Gemstones & Birthstones
The Earth's Treasure
Most gemstones were formed in the Earth's crust, miles beneath the Earth's surface, millions to billions of years ago. Since our humble, hairy origins, gemstones has captivated humanity for thousands of years.
A Birthstone is a gemstone that represents a person's period of birth. It's a fun way to personalise a piece to make it specific to the person.
There are over 200 species of gemstones, but for our sakes we'll narrow it down to just 12.
A dark red gemstone. It's been used as a gemstone and an abrasive since the Bronze Age.
The name Garnet comes from 14th-century Middle English 'Gernet', which means dark red. It stems all the way from Latin 'Granatus', and is thought to be in reference to 'pomum granatum', or pomegranate, whose fruit seeds are similar to garnet crystals.
Part of the Quartz family, Amethyst is a violet variety of quartz. It can be found in all shades of purple, from light lavender or rose, to intense Siberian amethyst that displays highlights of magenta.
The Ancient Greeks believed it protected its owner from drunkenness. See if it works?
The sparkling Aquamarine can be found in sea green, sky blue, and dark blue. It's part of the Beryl family, which made Cleopatra's mines famous throughout the world.
Aquamarine is dichroic, which means it has or shows two colours, so the colour changes depending on the angle it's viewed from.
Diamond is a solid form of pure carbon with its atoms arranged in a crystal. It's the hardest material on Earth, with a 10 rating on Mohs scale of hardness. The other solid form of pure carbon is Graphite, (our humble pencil) which has a 1 rating.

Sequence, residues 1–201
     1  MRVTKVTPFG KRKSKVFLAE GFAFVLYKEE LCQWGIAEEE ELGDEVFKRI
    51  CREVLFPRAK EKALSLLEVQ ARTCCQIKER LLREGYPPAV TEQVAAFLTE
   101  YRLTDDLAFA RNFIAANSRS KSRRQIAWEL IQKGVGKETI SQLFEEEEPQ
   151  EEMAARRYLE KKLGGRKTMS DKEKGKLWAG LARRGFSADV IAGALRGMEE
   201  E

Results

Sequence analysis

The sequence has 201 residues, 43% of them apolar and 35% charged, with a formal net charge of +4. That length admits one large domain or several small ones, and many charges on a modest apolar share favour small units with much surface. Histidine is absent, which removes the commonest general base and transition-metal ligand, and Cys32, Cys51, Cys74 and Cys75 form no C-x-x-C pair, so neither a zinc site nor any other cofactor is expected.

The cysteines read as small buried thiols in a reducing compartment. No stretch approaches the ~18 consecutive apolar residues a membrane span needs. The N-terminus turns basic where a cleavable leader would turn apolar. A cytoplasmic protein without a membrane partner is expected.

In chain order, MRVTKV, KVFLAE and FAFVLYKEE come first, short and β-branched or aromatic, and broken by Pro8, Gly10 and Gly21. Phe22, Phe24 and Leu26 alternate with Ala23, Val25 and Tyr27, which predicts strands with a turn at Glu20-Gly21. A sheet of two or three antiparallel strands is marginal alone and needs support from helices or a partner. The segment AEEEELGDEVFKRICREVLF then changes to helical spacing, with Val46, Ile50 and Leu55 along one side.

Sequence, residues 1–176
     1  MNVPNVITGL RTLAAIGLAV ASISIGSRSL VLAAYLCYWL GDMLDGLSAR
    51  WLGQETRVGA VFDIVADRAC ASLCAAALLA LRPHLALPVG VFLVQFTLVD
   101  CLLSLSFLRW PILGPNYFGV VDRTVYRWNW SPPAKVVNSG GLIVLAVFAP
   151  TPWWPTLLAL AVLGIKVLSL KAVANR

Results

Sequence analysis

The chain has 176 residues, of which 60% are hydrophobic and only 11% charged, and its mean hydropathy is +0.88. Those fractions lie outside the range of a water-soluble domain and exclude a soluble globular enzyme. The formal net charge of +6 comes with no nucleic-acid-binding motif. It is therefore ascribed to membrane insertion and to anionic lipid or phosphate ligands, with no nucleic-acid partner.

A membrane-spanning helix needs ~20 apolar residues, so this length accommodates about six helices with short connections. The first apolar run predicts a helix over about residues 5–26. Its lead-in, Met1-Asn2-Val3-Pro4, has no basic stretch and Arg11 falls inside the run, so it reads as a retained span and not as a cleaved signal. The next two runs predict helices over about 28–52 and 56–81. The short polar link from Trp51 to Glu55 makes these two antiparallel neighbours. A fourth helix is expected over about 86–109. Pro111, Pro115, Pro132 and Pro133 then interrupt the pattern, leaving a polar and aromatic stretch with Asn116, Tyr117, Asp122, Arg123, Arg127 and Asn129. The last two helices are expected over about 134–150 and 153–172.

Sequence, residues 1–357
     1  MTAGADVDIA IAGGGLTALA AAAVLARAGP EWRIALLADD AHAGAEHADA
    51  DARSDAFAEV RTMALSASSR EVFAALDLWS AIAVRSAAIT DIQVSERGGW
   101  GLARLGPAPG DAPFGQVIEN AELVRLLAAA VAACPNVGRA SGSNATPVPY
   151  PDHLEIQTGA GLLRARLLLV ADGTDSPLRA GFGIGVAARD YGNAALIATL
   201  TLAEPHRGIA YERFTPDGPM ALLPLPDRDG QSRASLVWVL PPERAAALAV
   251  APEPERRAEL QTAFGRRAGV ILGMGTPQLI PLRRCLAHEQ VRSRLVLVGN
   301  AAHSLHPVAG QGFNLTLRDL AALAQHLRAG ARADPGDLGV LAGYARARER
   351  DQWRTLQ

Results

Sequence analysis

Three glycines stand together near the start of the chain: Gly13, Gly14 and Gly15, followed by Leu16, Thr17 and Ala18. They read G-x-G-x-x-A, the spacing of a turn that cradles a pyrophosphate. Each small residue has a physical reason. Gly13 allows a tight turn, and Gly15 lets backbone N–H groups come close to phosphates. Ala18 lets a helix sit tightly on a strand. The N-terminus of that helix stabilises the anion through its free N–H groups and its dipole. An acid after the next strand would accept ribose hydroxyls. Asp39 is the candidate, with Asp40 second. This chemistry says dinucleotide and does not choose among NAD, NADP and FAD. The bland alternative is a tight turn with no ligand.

Natural diamonds are formed billions of years ago, and are easily the most popular gemstone of today.
Mysterious, royal, and rare, Emeralds have long been regarded as a superior gemstone. From the family of Beryl (same as Aquamarine), the soothing green colour was thought to be restful to eyes under strain.
Gem cutters would keep emeralds on their workbenches, and would rest their eyes on them after long hours of work on other gems.
The most important of gem families, Ruby comes from the family corundum. The finest colour is pure red with a hint of blue, as seen in glowing coal, otherwise known as Burmese 'pigeon's blood' rubies.
Rubies are embedded inside mechanical watch movements, to reduce friction from the gears and to act as a bearing point!
Sapphire comes from the family corundum - like ruby. They're actually the same stone, except with different colours. Sapphire comes in every colour of the rainbow, but people know it best for its deep blue.
Sapphire is used in non-jewellery applications, as it's so hard. You might have heard 'sapphire-crystal glass' when you're buying a watch. There is talk about using sapphire-crystal glass for smartphone screens - the screen repair market will definitely lose business if that happens!
Opal & Tourmaline
Home sweet home! Opal is one of Australia's most iconic and famous stones.
Opal is actually mostly comprised of water, and isn't classified as a true mineral. As water runs down the earth, it carries silica from sandstone and seeps into deep cracks and voids in the Earth's crust.
Another member of the Quartz family, (like amethyst), citrine is the yellow variety. It ranges in colour from pale to golden yellow, honey or almost brown.
The name comes from the French word 'citron', meaning lemon.
Turquoise & Blue Topaz
December gives us two stones. Double trouble.
Turquoise has always been considered a lucky stone. It's still so popular today, people don't just mine it, they try imitate it.
Topaz is normally golden brown, but there's also blue. The name is believed to have come from the Sanskrit word 'tapas', which means 'heat', or 'fire'.